The “Split” Night: Why some babies are awake for hours in the middle of the night, and how to change

The “Split” Night: Why some babies are awake for hours in the middle of the night, and how to change

(Revised and updated from an earlier version.)

There may be a time when you find yourself up in the middle of the night for hours with your baby who just won’t sleep! A split night is easily distinguished from other situations where your baby may be up during the night: it usually only involves one long waking, it happens every night or every few nights, most babies will be in a good mood during the long awake stretch, and no amount of comforting, nursing, soothing or sleep training will get your baby back to sleep quickly. A split night is largely a biological issue, arising from a dissociation between the sleep drives. Many babies will actively try to sleep by changing position, finger sucking, or snuggling a lovey. The issue for these babies is not that they don't know how to sleep, but that they can't fall asleep. As a result, sleep training will not fix a split night issue. If it sounds like your baby is having a split night, read on!


The Science

There is a maximum number of hours that a child can sleep at night (see our common age by stage sleep chart). Consolidated nighttime sleep is driven by two factors: (1) the circadian rhythm enabling bed and wake time to happen at appropriate times, and (2) sleep pressure arising from staying awake for an appropriate amount of time during the day. When things are going well, your baby will build sleep pressure during the evening and go to sleep at a regular time, and will sleep through the night. As sleep pressure dissipates with night sleep, the circadian rhythm will take over and keep your baby asleep for his/her maximum sleep duration and wake up at a regular time. That pattern will be fairly stable within about a 30-minute range on either side. When a split night happens, the sleep pressure drive separates from the circadian rhythm. This means that your baby may sleep for 8-9 hours and wake up feeling pretty refreshed and ready to go … at 2 am! Your baby will be up for a while and build up a bit more sleep pressure, and then, as the circadian drive kicks back in, your baby will sleep for a few more hours until morning. This pattern usually sticks, leaving your baby with hours of happy waking in the middle of every night. If you look at this graphically (the reason we love when parents track sleep!), the problem is usually that your baby has gotten into a pattern of having too many hours in bed every night and is not able to fill that time with sleep.


Need More Help?

We offer several options for optimizing your child's sleep:

SLEEP TRAINING CLASS (for well babies 6-15 months)

PHONE CONSULTATIONS (with one of our sleep experts)

THE SECRET TO NAPS (downloadable e-book)


There are two primary causes of a split night:

1. Split Night Caused by Poor Napping and Extra-Early Bedtimes

This is the most common cause of split night, and it is almost always remedied by schedule changes. There may be times when your baby can sleep more than his or her typical sleep duration. For example, if your baby has had a really terrible nap day, then you might put him/her down early for the night in order to help her catch up on sleep. This is usually a good decision and will lead to a longer-than-usual night of sleep with morning wake time remaining consistent. The reason that an occasional extra-early bedtime works is because of the two sleep drives (more on the basics behind sleep drives). When your baby accumulates a sleep debt (over-tiredness, a.k.a. high sleep pressure), he or she can go to sleep early but will sleep until his/her normal wake time. This is because the circadian rhythm controls wake time, and it takes a few days to change the circadian bed/wake time. The problem is that, after a few days of an early bedtime, one of two things will happen: either (1) your baby will start to wake up earlier, with a normal duration of sleep or (2) your baby will develop a “split” night, during which he or she stays in bed for more hours than he/she is capable of sleeping and thus has a long span of time awake in the middle of the night. This is a very common trouble spot for parents who subscribe to the early-bedtime-solves-all-problems philosophy.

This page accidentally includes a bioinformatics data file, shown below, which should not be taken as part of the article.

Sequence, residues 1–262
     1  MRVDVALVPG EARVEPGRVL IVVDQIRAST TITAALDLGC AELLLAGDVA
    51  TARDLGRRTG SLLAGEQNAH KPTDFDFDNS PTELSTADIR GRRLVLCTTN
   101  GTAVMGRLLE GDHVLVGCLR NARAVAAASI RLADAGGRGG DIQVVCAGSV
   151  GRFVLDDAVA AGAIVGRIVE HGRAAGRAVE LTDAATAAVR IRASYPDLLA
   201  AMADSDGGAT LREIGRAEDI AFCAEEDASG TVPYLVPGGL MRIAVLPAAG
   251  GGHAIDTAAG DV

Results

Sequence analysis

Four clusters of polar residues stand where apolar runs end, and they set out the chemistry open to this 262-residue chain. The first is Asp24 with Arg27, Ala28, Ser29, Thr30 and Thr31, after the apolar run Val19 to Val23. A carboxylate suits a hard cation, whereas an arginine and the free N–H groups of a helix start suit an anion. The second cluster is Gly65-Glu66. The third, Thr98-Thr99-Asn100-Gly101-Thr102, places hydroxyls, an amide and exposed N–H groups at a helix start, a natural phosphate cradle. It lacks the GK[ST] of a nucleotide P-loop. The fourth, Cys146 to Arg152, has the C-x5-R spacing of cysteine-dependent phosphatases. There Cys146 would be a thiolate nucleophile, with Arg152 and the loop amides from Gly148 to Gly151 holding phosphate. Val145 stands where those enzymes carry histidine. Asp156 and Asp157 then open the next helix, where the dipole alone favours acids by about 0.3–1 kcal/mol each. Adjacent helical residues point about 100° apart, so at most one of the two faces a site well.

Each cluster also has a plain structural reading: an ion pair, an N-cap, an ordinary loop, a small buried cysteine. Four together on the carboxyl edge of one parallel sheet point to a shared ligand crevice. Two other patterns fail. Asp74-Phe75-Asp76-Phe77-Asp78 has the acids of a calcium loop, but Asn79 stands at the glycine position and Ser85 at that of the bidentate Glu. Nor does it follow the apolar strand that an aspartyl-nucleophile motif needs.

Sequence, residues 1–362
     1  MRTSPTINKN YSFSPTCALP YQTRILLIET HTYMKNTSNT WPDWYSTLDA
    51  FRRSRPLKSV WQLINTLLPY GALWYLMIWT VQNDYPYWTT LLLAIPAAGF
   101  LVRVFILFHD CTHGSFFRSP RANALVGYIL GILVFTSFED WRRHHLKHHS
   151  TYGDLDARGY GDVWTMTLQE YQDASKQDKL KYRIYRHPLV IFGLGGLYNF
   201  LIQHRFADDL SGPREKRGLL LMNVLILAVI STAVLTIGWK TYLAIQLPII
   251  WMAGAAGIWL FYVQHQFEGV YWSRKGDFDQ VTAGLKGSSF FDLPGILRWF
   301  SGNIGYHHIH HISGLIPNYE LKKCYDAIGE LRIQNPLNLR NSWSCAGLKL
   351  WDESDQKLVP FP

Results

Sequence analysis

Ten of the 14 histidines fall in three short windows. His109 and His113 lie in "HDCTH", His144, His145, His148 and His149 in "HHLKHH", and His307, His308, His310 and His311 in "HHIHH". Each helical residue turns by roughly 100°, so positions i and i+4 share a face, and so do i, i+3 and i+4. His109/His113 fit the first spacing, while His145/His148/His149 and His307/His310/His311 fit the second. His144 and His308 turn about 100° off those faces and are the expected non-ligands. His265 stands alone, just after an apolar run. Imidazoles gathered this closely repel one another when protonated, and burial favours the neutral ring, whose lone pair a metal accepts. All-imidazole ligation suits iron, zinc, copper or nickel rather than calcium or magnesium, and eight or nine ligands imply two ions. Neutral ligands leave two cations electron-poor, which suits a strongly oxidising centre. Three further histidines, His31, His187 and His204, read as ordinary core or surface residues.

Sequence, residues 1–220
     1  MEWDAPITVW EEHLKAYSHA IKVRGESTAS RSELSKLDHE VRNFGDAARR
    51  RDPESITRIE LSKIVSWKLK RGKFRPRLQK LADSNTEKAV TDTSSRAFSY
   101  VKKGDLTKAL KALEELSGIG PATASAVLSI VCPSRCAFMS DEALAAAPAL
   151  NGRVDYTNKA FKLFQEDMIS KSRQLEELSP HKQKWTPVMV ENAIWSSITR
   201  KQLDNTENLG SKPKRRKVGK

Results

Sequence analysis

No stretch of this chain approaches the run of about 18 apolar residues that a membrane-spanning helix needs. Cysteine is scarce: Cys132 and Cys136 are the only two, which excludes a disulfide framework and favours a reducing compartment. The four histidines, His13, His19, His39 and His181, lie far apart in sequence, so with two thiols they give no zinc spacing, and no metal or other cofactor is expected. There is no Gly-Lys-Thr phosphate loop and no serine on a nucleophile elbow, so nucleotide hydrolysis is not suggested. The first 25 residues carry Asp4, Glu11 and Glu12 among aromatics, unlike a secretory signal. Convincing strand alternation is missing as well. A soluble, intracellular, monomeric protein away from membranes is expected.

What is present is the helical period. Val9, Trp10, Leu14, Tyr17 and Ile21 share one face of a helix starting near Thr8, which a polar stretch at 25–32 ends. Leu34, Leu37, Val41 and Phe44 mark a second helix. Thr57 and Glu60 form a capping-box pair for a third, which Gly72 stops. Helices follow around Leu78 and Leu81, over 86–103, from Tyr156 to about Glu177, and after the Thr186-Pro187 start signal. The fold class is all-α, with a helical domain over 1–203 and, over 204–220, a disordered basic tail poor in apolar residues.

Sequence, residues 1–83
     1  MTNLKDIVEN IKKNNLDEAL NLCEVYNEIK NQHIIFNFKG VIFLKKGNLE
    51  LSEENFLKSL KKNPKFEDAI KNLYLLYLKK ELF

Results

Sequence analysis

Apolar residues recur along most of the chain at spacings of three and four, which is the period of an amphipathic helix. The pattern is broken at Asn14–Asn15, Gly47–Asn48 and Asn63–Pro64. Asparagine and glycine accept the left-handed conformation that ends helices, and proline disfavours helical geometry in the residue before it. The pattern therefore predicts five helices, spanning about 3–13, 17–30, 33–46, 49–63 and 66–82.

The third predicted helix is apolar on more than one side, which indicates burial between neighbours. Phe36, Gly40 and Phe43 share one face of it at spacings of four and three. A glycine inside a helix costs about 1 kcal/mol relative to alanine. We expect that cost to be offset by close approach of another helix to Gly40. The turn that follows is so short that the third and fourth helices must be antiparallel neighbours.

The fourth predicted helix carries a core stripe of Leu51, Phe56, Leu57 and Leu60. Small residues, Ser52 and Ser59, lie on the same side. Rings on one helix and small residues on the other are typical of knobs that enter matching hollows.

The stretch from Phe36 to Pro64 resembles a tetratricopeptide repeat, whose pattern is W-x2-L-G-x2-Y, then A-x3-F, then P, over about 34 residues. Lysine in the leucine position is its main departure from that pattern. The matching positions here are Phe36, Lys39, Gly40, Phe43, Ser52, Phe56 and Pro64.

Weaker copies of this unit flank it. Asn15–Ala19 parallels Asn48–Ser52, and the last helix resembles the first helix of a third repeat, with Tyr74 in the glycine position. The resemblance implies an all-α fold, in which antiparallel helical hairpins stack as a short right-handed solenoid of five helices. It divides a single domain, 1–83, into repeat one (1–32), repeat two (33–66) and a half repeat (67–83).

How does this happen?

It’s so easy to get into a bad cycle. For example, your baby might have a poor nap day and be exhausted an hour earlier than normal. In this case, you might put your baby down an hour early to help him or her catch up on sleep, and he/she will likely sleep until a normal wake time. Then, the next day he/she might have another bad nap day, and you might put him/her down early again. Then, another bad nap day and another early bedtime, but by around that third day, your baby's sleep pressure may start to dissipate in the middle of the night, and he or she might be happy, refreshed, and ready to go at 2:00 am. You might try to rock, comfort, or nurse your baby to get him/her to sleep, but since he or she isn't sleepy, he/she probably won’t sleep for at least an hour. After an hour or so, your baby will feel sleepy again and fall asleep. In the morning you will probably let him or her sleep until normal wake time, or you might even let him/her sleep-in, thinking that you should allow extra sleep in order to make up for that time awake in the middle of the night. If the poor naps, early bedtim